Bitcoin Cash Trading Pulled On Insider Trading Rumours

The world’s largest cryptocurrency exchange pulled the plug on trading Bitcoin Cash after fears insider traders were manipulating the price.

Bitcoin Cash is a spin-off of virtual currency Bitcoin designed as an upgrade to shorten transaction times.

Developers rewrote some of the blockchain technology underpinning online currencies to allow servers to crunch bigger lumps of data to speed up the process.

Bitcoin Cash has had a rough ride since appearing online in August as critics were concerned how the currency would survive.

Investors swapped Bitcoin for Bitcoin Cash, which has no other way of being created.

Secret trading strategy undermined

Coinbase in San Francisco, reportedly the world’s largest Bitcoin exchange held back from trading the currency because of this issue, but decided to enter the market this week.

CEO Brian Armstrong explained the secret strategy involved telling staff not to let friends, relatives or rivals know of the move.

But trade was suspended within 48 hours when Bitcoin Cash prices started inexplicably rising. Coinbase have also launched an internal inquiry into the matter.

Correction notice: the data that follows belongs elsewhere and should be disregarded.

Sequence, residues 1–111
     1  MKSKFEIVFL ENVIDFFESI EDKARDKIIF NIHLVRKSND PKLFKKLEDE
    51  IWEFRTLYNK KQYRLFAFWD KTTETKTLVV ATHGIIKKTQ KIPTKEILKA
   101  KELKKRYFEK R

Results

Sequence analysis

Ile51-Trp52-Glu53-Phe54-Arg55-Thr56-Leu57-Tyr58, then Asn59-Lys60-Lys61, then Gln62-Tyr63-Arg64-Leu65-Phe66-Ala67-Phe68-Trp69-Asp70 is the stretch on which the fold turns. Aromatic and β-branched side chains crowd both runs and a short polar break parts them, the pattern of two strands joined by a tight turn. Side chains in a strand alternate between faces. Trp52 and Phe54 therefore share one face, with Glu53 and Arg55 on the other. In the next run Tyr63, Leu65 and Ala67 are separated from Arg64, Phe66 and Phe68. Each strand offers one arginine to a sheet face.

“It appears the price of Bitcoin Cash on other exchanges increased in the hours before our announcement,” said Armstrong.

“If we find evidence of any employee or contractor violating our policies -  directly or indirectly - I will not hesitate to terminate the employee immediately and take appropriate legal action.”

Dark Web Bitcoin worries triggered by research

Bitcoin Cash is trading at a new high of $2,735 – up 24.5% in 24 hours.

Meanwhile, the price of Bitcoin plunged $1,000 in less than an hour as US stock exchange regulator the Securities and Exchange Commission suspended trading in shares of The Crypto Company, partly on concerns of stock manipulation. Bitcoin fell from $17,929 to $16,912.

CME Bitcoin futures expiring in January settled 4.7% lower at $18,200 in their second day of trading. The Cboe Bitcoin futurescontract settled 7.9% lower at $17,555.

Australian researchers have published a study that showed almost half of all transactions in Bitcoin are associated with buying and selling illegal goods and services, including drugs, weapons and pirated software.

“This sort of illegal activity risks stunting the adoption of this technology and limiting the potential benefits to society,” says the team.